YOUR PAYROLL ADMINISTRATION IN Q2 – 2022
Now that spring is officially here, not only is the sun on its way, but also the second quarter of 2022. This again means some changes for your payroll administration. We have listed the most important novelties below.
1. New wage indexations
The high energy prices have triggered the wage indexation mechanism. Every employer is obligated to carry out such indexations, which can entail many additional costs.
As an employer, you can try to take future indexations into account when budgeting conventional wage increases (read: wage increases at company level for individual employees).
In the private sector, wage indexation is regulated by sector in collective labour agreements and there are generally two main systems. On the one hand, there are the sectors in which wages are indexed at a fixed point in the year with a percentage unknown in advance. On the other hand, there are the sectors in which wages are indexed with a fixed percentage (usually 2%) at a variable point in the year.
For some of the sectors that index at a fixed point in the year, the forecasts are as follows:
- In the Metal industry (JC 111 and 209) there will be an indexation on 01/07/2022. An indexation of 6.57% is expected;
- In the Construction sector (JC 124) wages are indexed every four months. On 01/04/2022 wages will rose by just under 3%;
- In the Supplementary Joint Committee for the White-collar workers (JC 200) wages were indexed by 3.58% on 01/01/2022. For 2023 an indexation of 4.90% is expected.
Forewarned is forearmed…
In these times of price increases, it is no unnecessary luxury to take a close look at your entire wage policy. Of course, Van Havermaet can help you with this!
Finally, we would like to point out that the indexation for the private sector also has an impact on various other wage components, such as the premiums for shift work and night work, the wage thresholds for the unemployment with company allowance scheme (SWT or the former early retirement pension), etc. You can find the current amounts here.
2. Sectoral allowances in JC 200
Several sectors planned that some sectoral allowances will have to be paid in the second quarter.
For instance, an annual sectoral premium has to be paid in JC 200. The premium amounts to a maximum of 277.22 EUR gross in 2022, i.e. when the employee has worked full-time for a full reference year (= 1 June 2021 up to and including 31 May 2022). In case of part-time or incomplete employment, the amount is prorated.
In addition, eco vouchers enabling employees to buy ecological products and services are also payable. Under certain conditions, no taxes or social security contributions are paid on these vouchers, which makes it interesting for employees and employers alike.
Please note: in companies, eco vouchers could be converted into an equivalent benefit until 31 October 2021. Employers who would have to grant eco vouchers for the first time in June 2022 have until 31 May 2022 to apply this conversion.
For the sake of completeness, we would like to point out that an employer can also grant eco vouchers at company level, worth up to 250 EUR per year, without this being obligatory for the sector.
3. Amendments to the exemption from payment of wage withholding tax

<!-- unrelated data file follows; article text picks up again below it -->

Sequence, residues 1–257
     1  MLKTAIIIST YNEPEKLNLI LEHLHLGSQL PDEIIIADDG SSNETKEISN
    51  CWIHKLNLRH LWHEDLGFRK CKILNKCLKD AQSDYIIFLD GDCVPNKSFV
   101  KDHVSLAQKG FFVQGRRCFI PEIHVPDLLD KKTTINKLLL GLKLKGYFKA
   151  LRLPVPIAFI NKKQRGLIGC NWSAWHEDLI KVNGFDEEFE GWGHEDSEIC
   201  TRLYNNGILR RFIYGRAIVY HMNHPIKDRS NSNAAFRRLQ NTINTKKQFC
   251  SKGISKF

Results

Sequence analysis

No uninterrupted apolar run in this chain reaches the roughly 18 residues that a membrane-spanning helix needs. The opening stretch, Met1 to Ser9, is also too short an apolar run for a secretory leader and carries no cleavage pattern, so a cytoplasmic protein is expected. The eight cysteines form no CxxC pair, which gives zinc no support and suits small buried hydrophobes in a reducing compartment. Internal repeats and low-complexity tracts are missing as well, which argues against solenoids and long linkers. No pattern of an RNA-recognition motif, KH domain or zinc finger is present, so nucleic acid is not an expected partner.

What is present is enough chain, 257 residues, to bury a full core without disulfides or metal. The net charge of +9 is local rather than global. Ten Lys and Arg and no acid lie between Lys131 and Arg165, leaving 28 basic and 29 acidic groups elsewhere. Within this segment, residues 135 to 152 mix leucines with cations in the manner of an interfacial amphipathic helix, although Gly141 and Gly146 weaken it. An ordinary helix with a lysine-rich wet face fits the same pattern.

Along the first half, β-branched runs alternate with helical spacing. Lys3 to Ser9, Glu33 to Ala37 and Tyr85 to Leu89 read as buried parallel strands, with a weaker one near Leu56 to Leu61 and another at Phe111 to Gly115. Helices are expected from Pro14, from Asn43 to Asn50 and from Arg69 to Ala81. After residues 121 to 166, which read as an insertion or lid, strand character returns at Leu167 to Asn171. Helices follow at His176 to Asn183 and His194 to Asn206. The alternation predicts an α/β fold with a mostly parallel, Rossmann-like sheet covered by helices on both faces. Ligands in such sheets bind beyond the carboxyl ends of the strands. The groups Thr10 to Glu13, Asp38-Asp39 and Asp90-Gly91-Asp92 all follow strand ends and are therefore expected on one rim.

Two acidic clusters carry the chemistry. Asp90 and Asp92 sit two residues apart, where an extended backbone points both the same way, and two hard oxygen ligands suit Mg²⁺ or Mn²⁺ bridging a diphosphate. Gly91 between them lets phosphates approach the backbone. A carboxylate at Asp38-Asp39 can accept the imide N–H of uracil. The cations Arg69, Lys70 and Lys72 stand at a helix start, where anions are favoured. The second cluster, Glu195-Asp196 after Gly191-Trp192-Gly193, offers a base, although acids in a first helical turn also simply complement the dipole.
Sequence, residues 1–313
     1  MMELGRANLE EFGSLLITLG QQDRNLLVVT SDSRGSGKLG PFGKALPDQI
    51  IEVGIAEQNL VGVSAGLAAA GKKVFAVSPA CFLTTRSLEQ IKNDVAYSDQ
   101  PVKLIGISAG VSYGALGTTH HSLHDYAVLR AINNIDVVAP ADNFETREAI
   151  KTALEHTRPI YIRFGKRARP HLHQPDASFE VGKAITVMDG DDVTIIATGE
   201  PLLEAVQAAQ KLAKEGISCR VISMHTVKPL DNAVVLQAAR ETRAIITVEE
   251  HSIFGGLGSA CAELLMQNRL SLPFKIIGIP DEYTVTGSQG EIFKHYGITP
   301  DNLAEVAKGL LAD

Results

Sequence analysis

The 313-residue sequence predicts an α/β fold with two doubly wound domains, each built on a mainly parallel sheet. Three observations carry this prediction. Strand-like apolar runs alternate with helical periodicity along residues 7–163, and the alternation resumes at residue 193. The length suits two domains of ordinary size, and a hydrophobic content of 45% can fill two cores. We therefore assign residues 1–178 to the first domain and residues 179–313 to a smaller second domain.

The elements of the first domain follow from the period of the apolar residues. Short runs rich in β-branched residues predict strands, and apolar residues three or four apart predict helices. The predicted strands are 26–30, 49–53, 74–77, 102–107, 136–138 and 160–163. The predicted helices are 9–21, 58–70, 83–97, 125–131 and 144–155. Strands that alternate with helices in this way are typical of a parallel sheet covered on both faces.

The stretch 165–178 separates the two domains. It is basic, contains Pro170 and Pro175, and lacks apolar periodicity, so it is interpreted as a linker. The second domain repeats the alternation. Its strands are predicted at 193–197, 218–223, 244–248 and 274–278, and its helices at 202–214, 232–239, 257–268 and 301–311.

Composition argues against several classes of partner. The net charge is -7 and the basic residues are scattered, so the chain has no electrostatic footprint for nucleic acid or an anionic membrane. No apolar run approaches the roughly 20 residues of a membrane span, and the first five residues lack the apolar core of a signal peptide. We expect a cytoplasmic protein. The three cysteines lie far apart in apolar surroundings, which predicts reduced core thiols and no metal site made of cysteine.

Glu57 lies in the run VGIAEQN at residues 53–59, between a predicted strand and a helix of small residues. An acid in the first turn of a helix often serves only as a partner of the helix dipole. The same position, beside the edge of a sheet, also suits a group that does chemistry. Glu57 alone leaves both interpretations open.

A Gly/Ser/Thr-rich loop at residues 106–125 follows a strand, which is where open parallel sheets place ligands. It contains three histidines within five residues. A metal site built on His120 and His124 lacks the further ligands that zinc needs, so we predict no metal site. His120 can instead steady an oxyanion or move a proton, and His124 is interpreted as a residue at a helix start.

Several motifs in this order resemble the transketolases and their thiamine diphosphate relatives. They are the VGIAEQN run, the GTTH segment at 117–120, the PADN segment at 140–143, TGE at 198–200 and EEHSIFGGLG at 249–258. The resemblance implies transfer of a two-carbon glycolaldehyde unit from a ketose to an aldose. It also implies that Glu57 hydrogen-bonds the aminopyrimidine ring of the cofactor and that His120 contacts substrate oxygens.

In order to stimulate or provide additional financial support to certain sectors, the law provides for “wage withholding tax discounts”. This means that the employer does not have to pay (part of) the wage withholding tax to the Treasury, but may keep it within the company, thus providing more (liquid/financial) resources.
As from 1 April 2022, some changes will come into effect:
Night work and shift work
The law stipulates that the arrangement concerning the exemption from payment of the wage withholding tax on premiums for night work and shift work must no longer be viewed and evaluated as one regime, but rather as two separate regimes.
The size of the compulsory night premium or shift premium will also be regulated, so that employers are no longer able to grant – in practice, sometimes occurring – insignificant ‘pro forma’ premiums.
For example, the law states that the premium for ‘shift work’ must increase the hourly wage by at least 2%. The premium for ‘night work’ must increase the hourly wage by at least 12%.
The premium must also be laid down in a collective agreement, in labour regulations or in an employment agreement. However, this formal obligation only has to be complied with as from 1 April 2024.
The fact that the so-called 1/3rd standard (1/3rd of working time must be performed in shift work or night work) is no longer judged by reference to working days but by reference to working hours, will be anchored in law.
With regard to the uninterrupted nature of consecutive shifts, the law now provides that an interruption of 15 minutes or less does not compromise the exemption regime.
As from 1 October 2022, temporary employment agencies may only use the exemption if they meet the general conditions and if their users also apply this exemption. Key is closing binding agreements with clients before applying the exemption.
Finally, with regard to the special exemption for shift work in the construction sector, it is stipulated that the exemption only applies insofar as the works have been reported to the NSSO in accordance with Article 30bis of the NSSO-Act.
In cases where you, as an employer, make use of the wage withholding tax discount for scientific research, and also claim the tax credit for research and development, the non-paid wage withholding tax may not be included (any more) in the calculation basis of this tax credit.